assured 2011
Performance Report


Bayer places great importance on protecting the environment and using natural resources responsibly. But environmental protection is also in harmony with our economic interests – it creates the foundation for our business activities and can help cut costs.





Hochwertige Kunststoffe aus CO2
High-quality plastics made using CO2 In the “Dream Production” project – a collaboration between industry and the scientific community – CO2 has been incorporated into polyurethanes for the first time. Alexandra Keldenich from the CAT Catalytic Center of RWTH Aachen works on the rotary evaporator.
In addition to meeting legal and other requirements, our responsibility and our commercial license to operate lie in constantly improving our environmental protection, health and safety performance. The fact that we joined the Responsible Care® [ 135 ] initiative of the chemical industry at an early stage underlines this intention and our voluntary commitment. Our Bayer Sustainable Development Policy [ 136 ] sets out the framework for our environmental action. We use efficient HSEQ management systems to control the implementation of our environmental protection measures.
We leverage our expertise in technology, process optimization and innovative products to protect nature, the environment and the climate. For example, our improvements in energy efficiency mean we are using less and less energy in the manufacture of many of our products. This cuts costs, while the resultant reduction in CO2 emissions means less needs to be spent on emissions trading.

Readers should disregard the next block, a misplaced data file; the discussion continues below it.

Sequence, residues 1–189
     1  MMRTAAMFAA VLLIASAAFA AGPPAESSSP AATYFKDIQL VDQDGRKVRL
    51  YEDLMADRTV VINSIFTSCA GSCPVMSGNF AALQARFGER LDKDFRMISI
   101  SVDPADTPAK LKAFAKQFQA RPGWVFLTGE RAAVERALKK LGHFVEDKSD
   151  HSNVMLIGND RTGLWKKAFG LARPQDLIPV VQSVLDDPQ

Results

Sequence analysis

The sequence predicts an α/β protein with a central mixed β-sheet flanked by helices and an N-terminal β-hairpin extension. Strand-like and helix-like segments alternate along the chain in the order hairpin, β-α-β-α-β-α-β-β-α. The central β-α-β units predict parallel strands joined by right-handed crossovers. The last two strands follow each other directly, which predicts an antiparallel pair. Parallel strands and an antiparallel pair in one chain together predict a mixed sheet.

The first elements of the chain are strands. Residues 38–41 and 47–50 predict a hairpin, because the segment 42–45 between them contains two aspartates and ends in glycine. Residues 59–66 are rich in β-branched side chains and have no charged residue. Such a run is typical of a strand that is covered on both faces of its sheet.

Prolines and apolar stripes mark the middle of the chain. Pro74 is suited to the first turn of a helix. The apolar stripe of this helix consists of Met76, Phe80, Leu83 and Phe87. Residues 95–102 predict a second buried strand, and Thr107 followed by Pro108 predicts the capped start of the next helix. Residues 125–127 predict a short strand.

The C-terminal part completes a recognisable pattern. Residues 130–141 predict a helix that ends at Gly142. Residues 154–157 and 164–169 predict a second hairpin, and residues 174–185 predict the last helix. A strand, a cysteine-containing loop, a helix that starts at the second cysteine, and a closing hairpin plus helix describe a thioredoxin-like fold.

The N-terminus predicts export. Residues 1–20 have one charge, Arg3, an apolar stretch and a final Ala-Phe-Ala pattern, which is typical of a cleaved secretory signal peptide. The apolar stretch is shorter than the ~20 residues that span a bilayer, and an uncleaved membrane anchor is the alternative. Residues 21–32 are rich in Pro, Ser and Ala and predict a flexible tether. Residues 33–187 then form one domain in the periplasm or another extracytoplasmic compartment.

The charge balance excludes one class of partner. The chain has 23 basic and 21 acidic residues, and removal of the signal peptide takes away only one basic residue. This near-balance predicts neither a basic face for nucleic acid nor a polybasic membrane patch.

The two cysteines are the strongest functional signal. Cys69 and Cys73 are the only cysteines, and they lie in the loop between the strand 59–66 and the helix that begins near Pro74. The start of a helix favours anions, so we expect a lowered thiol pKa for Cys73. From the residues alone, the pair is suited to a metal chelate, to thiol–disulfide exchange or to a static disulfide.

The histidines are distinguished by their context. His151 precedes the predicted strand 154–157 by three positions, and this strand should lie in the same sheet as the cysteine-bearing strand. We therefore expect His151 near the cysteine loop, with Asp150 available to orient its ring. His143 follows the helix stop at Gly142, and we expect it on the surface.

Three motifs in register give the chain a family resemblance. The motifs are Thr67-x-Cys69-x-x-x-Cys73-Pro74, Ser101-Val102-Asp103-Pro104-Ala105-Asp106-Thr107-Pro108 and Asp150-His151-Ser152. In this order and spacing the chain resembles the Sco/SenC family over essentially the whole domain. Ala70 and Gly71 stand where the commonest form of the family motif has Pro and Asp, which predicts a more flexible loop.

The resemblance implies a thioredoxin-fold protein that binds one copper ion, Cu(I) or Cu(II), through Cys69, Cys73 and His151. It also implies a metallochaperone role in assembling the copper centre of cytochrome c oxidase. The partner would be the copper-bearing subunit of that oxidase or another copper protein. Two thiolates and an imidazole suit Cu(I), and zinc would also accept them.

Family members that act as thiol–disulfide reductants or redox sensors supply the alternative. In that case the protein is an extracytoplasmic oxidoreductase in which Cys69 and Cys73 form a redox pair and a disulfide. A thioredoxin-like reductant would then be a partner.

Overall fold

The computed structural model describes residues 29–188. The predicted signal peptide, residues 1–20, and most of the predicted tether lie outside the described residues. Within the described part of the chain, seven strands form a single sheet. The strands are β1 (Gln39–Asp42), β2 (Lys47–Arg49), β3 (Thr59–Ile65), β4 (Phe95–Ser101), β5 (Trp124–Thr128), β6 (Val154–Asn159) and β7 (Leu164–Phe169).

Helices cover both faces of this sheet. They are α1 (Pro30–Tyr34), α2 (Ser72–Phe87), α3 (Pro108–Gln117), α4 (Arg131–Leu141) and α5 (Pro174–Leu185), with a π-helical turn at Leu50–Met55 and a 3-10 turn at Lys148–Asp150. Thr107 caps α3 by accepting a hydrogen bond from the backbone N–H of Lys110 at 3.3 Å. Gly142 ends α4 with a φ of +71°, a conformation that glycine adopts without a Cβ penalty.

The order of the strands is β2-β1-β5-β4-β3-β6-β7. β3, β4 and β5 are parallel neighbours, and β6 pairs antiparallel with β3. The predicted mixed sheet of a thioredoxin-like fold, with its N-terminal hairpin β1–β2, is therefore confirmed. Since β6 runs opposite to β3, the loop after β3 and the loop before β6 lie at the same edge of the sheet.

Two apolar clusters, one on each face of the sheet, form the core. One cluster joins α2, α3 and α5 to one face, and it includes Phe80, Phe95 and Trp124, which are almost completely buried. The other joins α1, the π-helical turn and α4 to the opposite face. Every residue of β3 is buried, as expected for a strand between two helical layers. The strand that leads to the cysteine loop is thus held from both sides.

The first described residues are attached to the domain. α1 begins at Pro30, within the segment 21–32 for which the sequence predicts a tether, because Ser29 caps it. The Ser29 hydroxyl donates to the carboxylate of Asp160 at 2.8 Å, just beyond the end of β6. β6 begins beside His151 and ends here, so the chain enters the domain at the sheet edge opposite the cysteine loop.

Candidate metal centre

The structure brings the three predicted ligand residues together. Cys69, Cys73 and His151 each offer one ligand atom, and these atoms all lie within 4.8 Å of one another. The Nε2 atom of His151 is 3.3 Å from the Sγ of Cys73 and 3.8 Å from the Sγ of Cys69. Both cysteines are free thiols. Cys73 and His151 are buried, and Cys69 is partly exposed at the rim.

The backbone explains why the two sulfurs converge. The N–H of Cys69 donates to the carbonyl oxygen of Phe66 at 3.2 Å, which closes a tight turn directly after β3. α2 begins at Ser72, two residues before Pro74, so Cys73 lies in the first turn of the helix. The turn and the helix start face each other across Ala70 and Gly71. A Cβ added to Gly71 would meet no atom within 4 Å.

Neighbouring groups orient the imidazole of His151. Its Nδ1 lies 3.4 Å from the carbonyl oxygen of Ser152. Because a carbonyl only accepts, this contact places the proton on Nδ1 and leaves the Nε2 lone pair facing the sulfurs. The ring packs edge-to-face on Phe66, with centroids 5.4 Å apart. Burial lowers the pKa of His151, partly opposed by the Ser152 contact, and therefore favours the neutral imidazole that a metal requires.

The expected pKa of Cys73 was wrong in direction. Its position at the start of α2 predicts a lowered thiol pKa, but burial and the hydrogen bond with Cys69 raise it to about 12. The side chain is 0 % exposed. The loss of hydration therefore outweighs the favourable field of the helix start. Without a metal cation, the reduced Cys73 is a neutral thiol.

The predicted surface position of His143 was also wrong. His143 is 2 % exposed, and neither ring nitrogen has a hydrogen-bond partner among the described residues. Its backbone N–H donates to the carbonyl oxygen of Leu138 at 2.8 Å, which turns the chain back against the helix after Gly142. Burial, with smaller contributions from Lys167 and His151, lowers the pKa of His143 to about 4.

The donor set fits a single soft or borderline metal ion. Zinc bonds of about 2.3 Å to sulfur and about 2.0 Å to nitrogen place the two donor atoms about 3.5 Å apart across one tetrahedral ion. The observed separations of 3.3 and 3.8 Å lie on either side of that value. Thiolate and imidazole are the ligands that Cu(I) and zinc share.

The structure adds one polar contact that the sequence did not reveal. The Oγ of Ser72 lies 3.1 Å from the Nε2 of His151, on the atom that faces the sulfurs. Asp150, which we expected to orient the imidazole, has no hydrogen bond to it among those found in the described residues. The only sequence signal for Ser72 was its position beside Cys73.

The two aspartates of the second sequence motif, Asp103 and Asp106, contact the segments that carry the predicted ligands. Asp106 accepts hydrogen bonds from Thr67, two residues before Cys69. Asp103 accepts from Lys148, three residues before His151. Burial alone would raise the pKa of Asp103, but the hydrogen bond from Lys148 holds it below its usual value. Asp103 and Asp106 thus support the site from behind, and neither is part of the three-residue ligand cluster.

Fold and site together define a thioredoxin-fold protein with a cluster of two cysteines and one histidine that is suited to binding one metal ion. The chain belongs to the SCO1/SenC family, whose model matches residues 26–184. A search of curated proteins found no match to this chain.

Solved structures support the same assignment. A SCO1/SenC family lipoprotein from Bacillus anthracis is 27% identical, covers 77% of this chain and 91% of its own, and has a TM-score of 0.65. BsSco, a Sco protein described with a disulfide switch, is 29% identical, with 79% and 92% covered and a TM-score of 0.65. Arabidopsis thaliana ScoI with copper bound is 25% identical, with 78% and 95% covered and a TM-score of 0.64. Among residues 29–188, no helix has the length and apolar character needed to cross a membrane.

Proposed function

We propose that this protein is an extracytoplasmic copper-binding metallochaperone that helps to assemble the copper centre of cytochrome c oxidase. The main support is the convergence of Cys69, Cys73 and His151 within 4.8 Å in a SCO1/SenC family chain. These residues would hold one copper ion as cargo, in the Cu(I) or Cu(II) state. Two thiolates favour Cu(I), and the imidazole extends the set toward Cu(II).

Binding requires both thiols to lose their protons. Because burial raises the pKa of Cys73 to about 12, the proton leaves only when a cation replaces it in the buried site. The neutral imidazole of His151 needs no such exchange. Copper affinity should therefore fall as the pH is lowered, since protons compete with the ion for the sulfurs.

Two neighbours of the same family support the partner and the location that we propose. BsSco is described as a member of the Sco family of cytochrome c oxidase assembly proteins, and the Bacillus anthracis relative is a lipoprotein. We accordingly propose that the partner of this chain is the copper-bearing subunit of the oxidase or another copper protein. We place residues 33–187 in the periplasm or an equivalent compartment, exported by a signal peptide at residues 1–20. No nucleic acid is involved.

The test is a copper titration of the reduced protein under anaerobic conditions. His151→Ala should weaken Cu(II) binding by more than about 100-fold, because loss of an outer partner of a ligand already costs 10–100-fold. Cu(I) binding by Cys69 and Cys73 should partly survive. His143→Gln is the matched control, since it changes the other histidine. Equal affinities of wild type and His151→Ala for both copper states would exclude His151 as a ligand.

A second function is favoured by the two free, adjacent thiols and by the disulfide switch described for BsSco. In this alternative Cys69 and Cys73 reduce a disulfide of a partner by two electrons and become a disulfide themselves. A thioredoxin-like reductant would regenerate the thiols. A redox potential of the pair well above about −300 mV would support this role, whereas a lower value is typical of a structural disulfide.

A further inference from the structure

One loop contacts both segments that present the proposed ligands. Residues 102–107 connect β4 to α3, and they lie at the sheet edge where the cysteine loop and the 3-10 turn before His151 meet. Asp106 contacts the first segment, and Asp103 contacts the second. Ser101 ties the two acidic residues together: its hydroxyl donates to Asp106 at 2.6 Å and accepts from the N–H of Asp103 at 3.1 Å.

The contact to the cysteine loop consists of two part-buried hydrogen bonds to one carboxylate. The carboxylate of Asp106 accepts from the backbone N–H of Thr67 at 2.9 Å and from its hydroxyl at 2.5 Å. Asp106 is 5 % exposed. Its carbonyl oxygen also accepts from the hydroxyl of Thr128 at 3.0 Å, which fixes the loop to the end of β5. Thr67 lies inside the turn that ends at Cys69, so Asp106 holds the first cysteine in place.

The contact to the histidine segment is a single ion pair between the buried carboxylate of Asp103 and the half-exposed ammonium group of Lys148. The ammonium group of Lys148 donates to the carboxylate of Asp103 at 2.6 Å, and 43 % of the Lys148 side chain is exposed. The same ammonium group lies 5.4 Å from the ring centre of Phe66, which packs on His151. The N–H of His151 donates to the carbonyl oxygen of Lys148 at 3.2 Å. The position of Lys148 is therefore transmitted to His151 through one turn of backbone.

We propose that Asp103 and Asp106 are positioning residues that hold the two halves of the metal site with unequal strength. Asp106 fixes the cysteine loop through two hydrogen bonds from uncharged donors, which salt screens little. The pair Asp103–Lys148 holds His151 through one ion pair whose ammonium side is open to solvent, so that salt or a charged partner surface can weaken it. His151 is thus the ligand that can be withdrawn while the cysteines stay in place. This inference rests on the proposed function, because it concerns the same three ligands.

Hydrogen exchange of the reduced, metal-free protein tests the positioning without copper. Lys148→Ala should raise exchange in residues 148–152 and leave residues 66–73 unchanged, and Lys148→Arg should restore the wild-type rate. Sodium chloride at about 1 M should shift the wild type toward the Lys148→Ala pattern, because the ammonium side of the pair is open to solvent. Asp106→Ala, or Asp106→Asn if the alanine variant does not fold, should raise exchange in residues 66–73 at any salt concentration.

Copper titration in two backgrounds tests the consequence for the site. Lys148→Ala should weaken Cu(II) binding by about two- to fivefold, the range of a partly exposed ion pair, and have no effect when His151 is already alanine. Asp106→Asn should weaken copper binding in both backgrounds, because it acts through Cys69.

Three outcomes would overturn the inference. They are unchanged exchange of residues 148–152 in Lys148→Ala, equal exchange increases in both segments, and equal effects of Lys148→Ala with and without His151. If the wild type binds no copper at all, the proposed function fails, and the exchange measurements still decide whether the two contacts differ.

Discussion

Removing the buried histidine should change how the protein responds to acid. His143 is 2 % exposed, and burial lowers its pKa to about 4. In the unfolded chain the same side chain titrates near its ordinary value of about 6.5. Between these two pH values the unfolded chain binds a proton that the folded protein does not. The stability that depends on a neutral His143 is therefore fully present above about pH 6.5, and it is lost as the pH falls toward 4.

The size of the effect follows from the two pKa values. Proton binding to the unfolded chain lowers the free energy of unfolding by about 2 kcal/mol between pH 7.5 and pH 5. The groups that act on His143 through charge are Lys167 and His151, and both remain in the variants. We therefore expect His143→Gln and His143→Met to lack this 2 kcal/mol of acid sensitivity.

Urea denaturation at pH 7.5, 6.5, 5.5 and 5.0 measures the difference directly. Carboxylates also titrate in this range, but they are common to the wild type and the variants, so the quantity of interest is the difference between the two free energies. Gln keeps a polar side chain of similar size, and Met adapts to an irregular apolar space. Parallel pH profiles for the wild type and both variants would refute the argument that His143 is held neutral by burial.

Targets 2015

Climate protection (target 2020)

  • Reduce specific greenhouse gas emissions in the Group by 35% (direct and indirect emissions in relation to manufactured sales volume in t) between 2005 and 2020

Process and plant safety (target 2015)

  • Implement the Bayer-wide initiative to increase process and plant safety; dedicated process and plant safety training for approx. 26,000 employees worldwide by the end of 2012

Emissions (target 2015)

  • Reduce other relevant emissions (ozone-depleting substances - 70%, volatile organic compounds - 50%)

Waste (target 2015)

  • Reduce specific hazardous waste from production to 2.5% in relation to manufactured sales volume

Use of materials and energy

Now more than ever, material and energy efficiency, together with innovation in processes and products, are a crucial factor in competition. Analyzing and optimizing the use of resources, minimizing consumption, reducing emissions and avoiding waste are factors of strategic importance for us. That is why Bayer has initiated the Resource Efficiency Check [ 134 ] as part of its Sustainability Program. This method was tested in 2011 in pilot projects in the MaterialScience and CropScience subgroups and has already identified savings potential in the major categories of raw materials, energy, water and waste. In November 2011 the Community Board for Sustainable Development thus decided to use this tool systematically in the subgroups in the future.
Given the diverse nature of our business operations, production-specific procurement activities are organized separately for each subgroup. Detailed information on the procurement and use of raw materials, consumables and supplies for the respective subgroup can be found in the Annual Report 2011. Germany and German industry are dependent on imports from around the world for many important raw materials. Export restrictions put in place for rare earths are an example of how the perspective on the availability of raw materials has changed considerably in past years. At the start of 2012 Bayer and a number of other major German companies joined forces to establish the raw materials alliance “Rohstoffallianz GmbH” on the initiative of the Federation of German Industry (BDI). Its strategic goal is to act jointly on the global market in order to safeguard access to important raw materials. What form this cooperation will take depends on each individual case and the interests of each of the participating companies.